Andrew Cuomo, governor of New York (Photo: John Taggart/Bloomberg)

Gov. Andrew Cuomo has signed and approved changes to a bill that will create a commission to investigate complaints of misconduct by county prosecutors who have already promised a constitutional challenge to the legislation.

Cuomo’s approval was contingent on changes to the legislation, which lawmakers agreed to pass at their next earliest opportunity. They are scheduled to return to Albany in January.

“Our criminal justice system must fairly convict the guilty and exonerate the innocent,” Cuomo said in a statement. “When any prosecutor consciously disregards that fundamental duty, communities suffer and loses faith in the system, and they must have a forum to be heard and seek justice.

“This first-in-the-nation Commission will serve to give New Yorkers comfort that there is a system of checks and balances in the criminal justice system, and to root out any potential abuses of power to ensure that our justice system is just for all New Yorkers,” he continued.

The bill will form an 11-member panel to receive and investigate complaints of misconduct by the district attorneys and their assistants. The commission’s findings will be made available to the public and referred to the governor, who has the power to remove a prosecutor from office.

The legislation had an unsure future last week after General Counsel Leslie Dubeck of Attorney General Barbara Underwood’s office said in a memo that it was not likely to survive judicial review as written.

Some of those concerns are expected be addressed by a forthcoming amendment to the legislation. The commission will not begin its work until the amendment has been approved. Details on what will be included in that amendment were not immediately available.

The legislation has long been opposed by the District Attorneys Association of the State of New York, which began preparing litigation last week. A complaint is expected to be filed in the coming weeks, if not days.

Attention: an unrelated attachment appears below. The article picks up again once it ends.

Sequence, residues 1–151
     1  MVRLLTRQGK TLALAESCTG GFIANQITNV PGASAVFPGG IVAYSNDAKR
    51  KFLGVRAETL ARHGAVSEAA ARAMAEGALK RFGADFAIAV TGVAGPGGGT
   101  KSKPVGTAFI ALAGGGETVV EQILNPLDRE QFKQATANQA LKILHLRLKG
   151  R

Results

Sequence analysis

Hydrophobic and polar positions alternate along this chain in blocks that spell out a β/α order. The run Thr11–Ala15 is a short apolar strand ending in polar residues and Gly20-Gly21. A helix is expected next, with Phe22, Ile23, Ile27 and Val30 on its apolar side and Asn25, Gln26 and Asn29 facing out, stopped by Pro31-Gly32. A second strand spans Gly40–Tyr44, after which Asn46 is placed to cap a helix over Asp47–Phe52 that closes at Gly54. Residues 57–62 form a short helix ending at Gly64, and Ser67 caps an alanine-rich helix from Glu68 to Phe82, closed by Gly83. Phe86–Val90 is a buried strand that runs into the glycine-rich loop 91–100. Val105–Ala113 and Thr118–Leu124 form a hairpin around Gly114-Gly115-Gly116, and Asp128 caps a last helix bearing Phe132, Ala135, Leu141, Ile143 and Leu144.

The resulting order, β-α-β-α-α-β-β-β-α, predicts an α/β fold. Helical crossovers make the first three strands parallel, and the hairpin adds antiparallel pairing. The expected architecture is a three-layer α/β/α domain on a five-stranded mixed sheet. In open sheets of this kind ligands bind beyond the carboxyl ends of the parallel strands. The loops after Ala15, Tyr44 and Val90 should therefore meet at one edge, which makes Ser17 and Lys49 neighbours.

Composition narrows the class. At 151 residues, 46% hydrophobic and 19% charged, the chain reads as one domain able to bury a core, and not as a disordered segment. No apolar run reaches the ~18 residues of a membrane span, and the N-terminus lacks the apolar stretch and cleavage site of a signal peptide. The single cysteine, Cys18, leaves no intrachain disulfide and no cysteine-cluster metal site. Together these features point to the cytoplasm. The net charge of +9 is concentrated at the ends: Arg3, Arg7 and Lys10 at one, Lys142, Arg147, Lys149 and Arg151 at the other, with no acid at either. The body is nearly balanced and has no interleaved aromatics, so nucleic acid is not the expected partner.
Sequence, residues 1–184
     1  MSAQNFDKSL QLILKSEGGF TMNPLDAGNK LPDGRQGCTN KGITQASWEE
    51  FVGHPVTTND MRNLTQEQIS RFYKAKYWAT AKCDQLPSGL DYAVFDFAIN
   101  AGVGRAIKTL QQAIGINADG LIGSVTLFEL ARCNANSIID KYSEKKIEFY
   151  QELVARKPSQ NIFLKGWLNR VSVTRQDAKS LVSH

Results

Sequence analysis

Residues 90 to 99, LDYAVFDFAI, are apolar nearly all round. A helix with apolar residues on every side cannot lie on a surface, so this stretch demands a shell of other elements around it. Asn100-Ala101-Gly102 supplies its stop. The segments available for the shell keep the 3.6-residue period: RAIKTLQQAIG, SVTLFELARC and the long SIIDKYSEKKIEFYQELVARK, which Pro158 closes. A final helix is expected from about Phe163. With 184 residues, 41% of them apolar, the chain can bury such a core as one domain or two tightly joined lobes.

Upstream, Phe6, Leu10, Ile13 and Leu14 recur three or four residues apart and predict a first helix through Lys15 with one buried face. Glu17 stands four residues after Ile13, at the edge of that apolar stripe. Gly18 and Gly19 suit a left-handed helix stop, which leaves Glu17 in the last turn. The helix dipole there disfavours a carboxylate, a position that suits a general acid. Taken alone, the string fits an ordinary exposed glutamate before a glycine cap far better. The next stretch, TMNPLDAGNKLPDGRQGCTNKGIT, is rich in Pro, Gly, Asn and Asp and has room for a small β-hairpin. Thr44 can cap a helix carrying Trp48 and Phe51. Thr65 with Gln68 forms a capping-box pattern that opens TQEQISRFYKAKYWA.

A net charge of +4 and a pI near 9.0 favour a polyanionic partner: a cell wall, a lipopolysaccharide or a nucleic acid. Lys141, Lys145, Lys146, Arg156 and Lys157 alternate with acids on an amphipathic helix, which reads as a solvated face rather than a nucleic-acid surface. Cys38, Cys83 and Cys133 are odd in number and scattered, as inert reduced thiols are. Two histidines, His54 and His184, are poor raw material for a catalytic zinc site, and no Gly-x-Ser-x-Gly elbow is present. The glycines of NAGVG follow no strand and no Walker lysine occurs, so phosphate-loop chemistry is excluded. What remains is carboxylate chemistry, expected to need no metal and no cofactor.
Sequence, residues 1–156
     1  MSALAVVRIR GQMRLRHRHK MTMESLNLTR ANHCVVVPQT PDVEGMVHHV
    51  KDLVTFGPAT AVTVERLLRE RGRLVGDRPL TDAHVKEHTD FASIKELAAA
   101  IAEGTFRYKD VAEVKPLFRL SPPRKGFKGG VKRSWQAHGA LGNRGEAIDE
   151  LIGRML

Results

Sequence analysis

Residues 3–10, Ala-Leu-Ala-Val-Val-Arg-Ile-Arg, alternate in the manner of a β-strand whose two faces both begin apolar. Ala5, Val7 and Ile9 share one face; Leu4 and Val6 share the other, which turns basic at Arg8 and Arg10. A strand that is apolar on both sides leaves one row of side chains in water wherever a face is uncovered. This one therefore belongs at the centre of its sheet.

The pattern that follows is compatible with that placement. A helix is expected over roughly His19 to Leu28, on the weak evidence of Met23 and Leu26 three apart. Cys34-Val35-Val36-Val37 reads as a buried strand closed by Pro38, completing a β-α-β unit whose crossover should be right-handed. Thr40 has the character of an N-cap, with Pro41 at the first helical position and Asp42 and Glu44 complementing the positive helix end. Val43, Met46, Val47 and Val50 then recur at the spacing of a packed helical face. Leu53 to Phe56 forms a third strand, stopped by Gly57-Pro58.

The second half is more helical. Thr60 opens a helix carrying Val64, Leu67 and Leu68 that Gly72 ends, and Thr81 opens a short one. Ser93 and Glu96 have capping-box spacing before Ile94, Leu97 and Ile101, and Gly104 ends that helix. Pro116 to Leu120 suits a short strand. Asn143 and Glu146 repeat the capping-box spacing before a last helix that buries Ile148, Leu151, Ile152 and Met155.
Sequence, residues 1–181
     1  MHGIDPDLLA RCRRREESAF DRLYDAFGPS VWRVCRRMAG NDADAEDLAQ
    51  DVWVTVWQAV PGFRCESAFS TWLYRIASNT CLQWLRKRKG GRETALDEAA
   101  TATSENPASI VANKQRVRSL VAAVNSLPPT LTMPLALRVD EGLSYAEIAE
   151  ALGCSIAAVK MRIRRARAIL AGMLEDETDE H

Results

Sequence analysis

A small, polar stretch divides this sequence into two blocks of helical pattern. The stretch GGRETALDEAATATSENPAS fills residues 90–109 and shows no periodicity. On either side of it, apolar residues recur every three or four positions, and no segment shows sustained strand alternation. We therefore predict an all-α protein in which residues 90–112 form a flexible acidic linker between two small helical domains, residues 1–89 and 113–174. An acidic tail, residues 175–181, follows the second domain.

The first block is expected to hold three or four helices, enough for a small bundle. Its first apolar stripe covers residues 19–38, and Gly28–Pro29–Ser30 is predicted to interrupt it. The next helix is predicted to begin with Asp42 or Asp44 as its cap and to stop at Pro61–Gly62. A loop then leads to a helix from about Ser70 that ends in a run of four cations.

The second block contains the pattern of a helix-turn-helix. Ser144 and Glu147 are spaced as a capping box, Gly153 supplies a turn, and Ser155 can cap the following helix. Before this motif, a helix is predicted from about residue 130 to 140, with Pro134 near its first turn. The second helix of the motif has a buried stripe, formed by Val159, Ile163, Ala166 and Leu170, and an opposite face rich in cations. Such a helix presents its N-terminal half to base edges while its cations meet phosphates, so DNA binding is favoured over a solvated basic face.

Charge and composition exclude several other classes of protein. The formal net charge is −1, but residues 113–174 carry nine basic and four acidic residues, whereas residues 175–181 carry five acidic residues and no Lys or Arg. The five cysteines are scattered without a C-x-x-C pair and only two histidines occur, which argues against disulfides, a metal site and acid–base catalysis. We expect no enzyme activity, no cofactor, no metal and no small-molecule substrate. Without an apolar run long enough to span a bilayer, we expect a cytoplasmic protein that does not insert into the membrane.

The commission is scheduled to be formed in January, according to the legislation, but prosecutors may also be able to prevent that through a preliminary injunction. Albany County David Soares, who is president of DAASNY, also asked the state’s prosecutors this week to decline any appointment to the commission. That would leave it essentially inoperable, since four of its members are required by statute to be prosecutors.

DAASNY has advocated for strengthening the state’s current disciplinary process in place of the commission, which they have called both unnecessary and unconstitutional.

Each Appellate Division has a grievance committee that reviews complaints against attorneys in New York and has the power to censure, suspend or disbar them. Those committees are composed of both attorneys and nonattorneys and appointed by the court. One of those committees recently banned former St. Lawrence County District Attorney Mary Rain from practicing law for two years over misconduct while she was in office, for example.

Supporters of the bill have claimed the grievance committees do not address prosecutorial misconduct in an effective and transparent manner. Complaints submitted to the committees are often not addressed in a timely manner, they said, and their decisions are not easily available to the public.

The commission, conversely, will be required to make its decisions and any supporting documents available to the public on the internet. The state’s Commission on Judicial Conduct, which the prosecutorial commission is mirrored after, also makes those decisions and documents easily accessible.

The bill does not lay out a timeline for when appointments to the commission should be decided. Those will likely come in January when officials elected in November are sworn into office.

It’s unclear whether the commission’s membership will change with the chapter amendment.

According to the original legislation passed in June, three of its members will be appointed by Chief Judge Janet DiFiore. The governor, the speaker of the Assembly, and the majority leader of the state Senate will each appoint two members of the body. The minority leaders of both chambers will each get one appointment.

One of the governor’s appointees has to be a public defender, and the other has to be a prosecutor, according to the bill. One of DiFiore’s appointees has to be a justice of the Appellate Division. The other two have to be judges of any court other than the Appellate Division or Court of Appeals. The six remaining appointees have to be equally composed of prosecutors and defense attorneys.

The commission will appoint its own chair. The power, in that case, will be with elected Democrats, who will appoint at least five of the commission’s members versus three from Republicans. If Democrats win back the State Senate in November, they will have six appointees vs. two from Republicans. DiFiore, a Democrat appointed by Cuomo, will choose the remainder.

The commission was expected to cost $5.5 million when fully operational, according to the original bill.